Woods, Mickelson move golf’s needle
For those who feign disinterest in a Tiger Woods-Phil Mickelson winner-take-all match because they believe that Woods and Mickelson are “has-beens,” those people probably never have been to an actual tournament where thousands follow every step and shot these guys make (“Woods-Mickelson duel needs reality check,” July 9). They are the two biggest draws in golf, period.
Secondly, as far as putting up their own money, I agree. And, have people forgotten that when asked about this, it was Woods who said that he will play for whatever makes Mickelson “uncomfortable”? Sounds like he’s willing to pony up his share.
Lastly, can we add an undercard of Rickie Fowler versus Michelle Wie? She could pat him on his head on the first tee … and away they go.
Unlike Godot, golf eventually arrives
Thanks for your great article on the 2018-19 PGA Tour season (“PGA Tour’s 2018-19 season: Less is more,” July 11). I particularly related to your introductory comments about the golf season in New England.
Before retirement and escaping the relentless winter weather of northern New Hampshire to enjoy snowbird golf in southeast Georgia, my wife and I had an opening-day tradition. Every Jan. 1, at our home in Lancaster, N.H., we cleared the snow and embraced the usual sub-zero temperatures to hit our first shots of the new season, off a tattered mat into the woods surrounding our home.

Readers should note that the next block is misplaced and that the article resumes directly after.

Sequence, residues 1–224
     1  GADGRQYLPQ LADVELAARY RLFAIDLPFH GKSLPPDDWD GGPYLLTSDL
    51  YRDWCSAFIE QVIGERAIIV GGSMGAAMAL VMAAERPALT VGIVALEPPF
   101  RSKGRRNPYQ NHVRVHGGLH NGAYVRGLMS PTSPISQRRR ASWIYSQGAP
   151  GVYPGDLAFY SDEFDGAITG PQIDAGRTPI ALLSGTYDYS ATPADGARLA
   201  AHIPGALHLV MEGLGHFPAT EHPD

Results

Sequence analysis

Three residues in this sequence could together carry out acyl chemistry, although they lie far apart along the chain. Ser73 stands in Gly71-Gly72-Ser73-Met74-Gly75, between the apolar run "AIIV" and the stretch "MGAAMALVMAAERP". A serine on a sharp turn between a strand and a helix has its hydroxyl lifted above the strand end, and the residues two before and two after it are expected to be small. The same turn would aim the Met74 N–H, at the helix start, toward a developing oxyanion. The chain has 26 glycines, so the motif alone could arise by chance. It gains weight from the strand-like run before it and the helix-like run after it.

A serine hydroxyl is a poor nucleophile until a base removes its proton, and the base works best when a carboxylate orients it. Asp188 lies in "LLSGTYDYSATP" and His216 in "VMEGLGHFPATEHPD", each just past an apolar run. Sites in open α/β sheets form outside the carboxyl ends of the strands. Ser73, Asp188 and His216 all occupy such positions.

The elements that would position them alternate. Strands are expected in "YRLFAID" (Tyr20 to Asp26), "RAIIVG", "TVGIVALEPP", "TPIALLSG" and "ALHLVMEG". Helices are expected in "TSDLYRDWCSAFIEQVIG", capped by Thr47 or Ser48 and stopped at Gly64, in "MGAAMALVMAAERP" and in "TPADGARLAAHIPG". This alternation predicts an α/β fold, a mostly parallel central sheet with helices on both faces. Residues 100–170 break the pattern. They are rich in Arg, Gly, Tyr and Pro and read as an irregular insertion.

Then, we quickly retreated into the house, enjoyed the warmth of our glowing pellet stove and contemplated the real start of our golf season – usually not until mid-April, if we were lucky.
I am certain that many New Englanders will strongly identify with your words about waiting for golf – akin to waiting for Godot – and the endurance that it requires to survive the long and brutal winters that eventually make way for the golf season.
Rerouted to the Andes
A few years ago, I traveled from Florida to visit my son stationed at Hill Air Force Base near Salt Lake City (airport designation SLC). My bags got there with no problem; my clubs didn’t (“Travel bags help golf roadies fight back,” July 11). They arrived just before my return home, having enjoyed a trip to Santiago, Chile (SCL).
Some dyslexic baggage handler probably decided that the clubs would like the warmth of Chile better than the colder weather in Utah. I guess we’ll never know because the clubs ain’t talking.
The Villages, Fla.
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